An analysis of the 4,196 files of our Cardiology Clinic cohort showed 128 patients with a complete left bundle branch block (LBBB) in their electrocardiograms (ECGs). Of these patients, 27 had suffered a myocardial infarction in the past and had been found to have a ventricular aneurysm (VA), documented by ≥1 of several noninvasive and invasive diagnostic methods. Five of these 27 patients had stable ST-segment elevation in ≥1 of left precordial ECG leads, with predominantly positive QRS complexes (an ECG criterion for the diagnosis of VA in the presence of LBBB, which we have recently described). The sensitivity of this ECG criterion for the diagnosis of VA was 18.5%, and the specificity was 100%. The frequency of distribution of VA in the septal, and even more, apical myocardial regions was higher in the patients with a positive ECG diagnosis of VA, than in the patients with a negative one (P = .049, and P = .009, correspondingly). The number of myocardial territories involved with a VA was not different in the 2 subgroups (P = .325). Pathophysiologically, this ECG alteration diagnostic of VA represents a superimposition of the primary ST-segment elevation due to the VA, on the expected secondary ST-segment depression due to the LBBB, and represents a summation effect.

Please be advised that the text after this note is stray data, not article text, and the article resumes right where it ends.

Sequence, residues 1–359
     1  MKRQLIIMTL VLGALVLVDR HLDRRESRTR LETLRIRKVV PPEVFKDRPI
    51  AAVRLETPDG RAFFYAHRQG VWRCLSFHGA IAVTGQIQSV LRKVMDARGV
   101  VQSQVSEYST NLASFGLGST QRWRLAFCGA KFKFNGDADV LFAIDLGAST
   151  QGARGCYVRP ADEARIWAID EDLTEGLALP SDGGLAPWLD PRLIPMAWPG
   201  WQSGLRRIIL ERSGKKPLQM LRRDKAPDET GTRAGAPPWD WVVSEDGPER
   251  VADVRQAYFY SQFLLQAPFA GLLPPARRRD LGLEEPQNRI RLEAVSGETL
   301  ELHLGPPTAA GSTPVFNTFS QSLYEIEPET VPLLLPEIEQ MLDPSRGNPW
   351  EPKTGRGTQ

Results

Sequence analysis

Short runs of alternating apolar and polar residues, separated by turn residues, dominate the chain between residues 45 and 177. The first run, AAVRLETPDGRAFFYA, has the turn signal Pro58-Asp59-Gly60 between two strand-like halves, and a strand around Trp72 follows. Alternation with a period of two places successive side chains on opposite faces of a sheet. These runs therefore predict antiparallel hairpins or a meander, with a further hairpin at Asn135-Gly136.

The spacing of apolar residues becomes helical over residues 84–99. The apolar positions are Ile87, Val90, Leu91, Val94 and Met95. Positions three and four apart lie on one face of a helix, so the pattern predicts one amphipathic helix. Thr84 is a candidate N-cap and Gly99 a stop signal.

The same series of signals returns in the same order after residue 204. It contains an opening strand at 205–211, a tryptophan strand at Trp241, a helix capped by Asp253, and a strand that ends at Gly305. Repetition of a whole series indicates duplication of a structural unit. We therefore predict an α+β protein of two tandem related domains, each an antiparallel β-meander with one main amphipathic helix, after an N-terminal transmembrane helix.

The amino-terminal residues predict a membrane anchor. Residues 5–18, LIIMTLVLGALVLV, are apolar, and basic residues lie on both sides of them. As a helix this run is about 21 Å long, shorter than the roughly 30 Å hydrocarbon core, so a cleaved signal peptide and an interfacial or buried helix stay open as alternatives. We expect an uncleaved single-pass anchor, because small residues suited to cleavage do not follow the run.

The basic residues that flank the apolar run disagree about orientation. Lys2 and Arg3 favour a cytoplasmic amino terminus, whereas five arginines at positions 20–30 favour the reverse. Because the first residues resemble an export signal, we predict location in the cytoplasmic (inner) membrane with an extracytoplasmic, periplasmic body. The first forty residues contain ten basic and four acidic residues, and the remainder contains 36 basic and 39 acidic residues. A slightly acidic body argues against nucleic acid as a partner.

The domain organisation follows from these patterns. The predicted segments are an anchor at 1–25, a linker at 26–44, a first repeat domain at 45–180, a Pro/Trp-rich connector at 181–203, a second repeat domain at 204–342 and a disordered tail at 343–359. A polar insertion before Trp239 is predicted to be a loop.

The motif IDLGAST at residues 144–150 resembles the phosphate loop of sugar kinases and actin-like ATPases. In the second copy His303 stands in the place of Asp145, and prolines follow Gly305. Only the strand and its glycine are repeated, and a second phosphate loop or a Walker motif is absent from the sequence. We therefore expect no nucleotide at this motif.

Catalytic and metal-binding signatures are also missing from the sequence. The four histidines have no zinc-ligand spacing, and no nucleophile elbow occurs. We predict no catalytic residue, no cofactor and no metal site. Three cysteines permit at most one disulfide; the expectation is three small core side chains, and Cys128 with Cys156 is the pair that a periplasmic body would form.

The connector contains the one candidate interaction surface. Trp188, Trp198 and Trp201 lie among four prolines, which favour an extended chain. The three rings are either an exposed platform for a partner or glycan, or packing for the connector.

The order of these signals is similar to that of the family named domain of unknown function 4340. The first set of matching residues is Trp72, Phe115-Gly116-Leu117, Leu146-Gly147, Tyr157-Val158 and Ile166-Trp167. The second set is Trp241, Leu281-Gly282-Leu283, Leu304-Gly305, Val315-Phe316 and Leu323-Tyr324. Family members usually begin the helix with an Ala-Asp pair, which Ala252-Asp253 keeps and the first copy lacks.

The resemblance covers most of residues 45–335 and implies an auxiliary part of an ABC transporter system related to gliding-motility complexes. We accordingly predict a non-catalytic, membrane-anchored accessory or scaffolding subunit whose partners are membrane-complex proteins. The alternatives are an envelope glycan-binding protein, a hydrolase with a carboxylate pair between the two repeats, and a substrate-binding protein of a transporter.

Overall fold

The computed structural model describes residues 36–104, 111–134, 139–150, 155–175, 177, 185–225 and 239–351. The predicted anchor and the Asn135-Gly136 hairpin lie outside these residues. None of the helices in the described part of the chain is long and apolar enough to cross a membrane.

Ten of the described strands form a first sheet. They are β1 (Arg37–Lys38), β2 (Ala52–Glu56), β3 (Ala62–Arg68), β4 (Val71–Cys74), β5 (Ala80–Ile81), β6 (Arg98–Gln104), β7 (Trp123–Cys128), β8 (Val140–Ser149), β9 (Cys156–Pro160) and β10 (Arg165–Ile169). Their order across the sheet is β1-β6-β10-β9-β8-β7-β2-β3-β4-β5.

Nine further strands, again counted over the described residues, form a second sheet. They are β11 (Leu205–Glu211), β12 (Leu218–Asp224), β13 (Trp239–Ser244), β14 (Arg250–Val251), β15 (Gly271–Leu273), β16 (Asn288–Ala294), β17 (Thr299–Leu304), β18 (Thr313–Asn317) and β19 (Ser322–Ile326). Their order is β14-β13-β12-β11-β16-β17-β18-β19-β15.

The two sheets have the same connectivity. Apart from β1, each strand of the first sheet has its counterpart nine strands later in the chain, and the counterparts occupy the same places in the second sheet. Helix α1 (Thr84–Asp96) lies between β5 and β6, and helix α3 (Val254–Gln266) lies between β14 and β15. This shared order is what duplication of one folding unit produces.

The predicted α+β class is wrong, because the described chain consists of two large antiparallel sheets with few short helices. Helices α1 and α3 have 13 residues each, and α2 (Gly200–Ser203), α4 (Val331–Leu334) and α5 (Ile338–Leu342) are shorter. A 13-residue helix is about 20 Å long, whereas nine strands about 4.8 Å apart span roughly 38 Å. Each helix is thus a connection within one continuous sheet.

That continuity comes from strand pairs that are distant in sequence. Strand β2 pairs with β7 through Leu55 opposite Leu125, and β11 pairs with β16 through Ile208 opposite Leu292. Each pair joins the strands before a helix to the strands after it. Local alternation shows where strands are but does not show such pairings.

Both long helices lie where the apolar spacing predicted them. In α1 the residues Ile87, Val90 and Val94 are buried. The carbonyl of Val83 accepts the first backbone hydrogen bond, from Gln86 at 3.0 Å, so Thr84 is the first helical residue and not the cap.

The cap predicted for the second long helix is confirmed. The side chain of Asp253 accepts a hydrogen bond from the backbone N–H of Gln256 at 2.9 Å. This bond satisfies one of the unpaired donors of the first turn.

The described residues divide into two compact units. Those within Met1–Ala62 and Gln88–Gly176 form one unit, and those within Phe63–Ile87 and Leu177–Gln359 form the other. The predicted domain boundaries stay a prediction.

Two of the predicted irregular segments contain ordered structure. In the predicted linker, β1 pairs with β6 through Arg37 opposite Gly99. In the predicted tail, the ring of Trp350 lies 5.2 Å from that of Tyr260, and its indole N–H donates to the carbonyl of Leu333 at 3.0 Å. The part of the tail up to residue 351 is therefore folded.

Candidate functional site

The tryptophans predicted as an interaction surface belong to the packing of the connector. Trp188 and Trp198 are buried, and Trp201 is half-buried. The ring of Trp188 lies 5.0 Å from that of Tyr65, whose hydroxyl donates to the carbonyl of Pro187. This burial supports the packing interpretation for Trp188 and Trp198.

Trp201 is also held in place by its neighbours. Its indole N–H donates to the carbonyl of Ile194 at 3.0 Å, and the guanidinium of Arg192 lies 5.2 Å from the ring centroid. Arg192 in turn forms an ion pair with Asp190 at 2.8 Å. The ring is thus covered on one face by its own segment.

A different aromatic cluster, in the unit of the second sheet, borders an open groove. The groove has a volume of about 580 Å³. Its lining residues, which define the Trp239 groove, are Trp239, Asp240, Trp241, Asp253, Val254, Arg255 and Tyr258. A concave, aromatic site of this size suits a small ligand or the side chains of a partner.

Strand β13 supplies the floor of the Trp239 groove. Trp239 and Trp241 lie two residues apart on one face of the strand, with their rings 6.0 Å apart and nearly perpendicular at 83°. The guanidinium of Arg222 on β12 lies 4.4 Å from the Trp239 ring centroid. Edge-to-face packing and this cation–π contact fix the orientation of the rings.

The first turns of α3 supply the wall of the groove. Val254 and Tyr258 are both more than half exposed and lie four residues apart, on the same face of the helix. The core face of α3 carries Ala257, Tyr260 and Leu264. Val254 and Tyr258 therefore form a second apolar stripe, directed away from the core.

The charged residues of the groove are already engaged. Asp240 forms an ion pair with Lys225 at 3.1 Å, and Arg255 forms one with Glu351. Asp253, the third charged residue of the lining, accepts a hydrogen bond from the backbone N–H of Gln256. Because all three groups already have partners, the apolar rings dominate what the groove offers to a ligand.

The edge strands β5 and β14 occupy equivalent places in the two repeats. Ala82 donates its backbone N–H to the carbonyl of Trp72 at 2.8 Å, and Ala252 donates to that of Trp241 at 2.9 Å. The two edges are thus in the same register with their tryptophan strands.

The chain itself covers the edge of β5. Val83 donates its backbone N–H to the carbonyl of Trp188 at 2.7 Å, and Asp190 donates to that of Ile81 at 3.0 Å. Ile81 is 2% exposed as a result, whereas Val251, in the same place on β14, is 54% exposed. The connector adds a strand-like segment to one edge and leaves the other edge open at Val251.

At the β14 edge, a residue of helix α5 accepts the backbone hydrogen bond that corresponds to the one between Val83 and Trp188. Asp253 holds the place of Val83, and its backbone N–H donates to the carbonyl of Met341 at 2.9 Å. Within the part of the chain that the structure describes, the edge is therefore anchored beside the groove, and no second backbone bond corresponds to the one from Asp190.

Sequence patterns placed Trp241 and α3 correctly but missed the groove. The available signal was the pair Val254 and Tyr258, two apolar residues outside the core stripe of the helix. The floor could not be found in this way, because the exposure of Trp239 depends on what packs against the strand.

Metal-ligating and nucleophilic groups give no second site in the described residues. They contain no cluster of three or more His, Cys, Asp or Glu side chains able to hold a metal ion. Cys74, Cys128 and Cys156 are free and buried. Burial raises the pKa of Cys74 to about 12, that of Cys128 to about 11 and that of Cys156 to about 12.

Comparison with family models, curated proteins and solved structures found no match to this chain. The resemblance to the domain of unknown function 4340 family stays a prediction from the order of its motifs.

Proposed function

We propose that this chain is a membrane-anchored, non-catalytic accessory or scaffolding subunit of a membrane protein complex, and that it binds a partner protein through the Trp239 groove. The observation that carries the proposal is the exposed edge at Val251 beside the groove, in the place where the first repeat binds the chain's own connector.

All Science Journal Classification (ASJC) codes
- Cardiology and Cardiovascular Medicine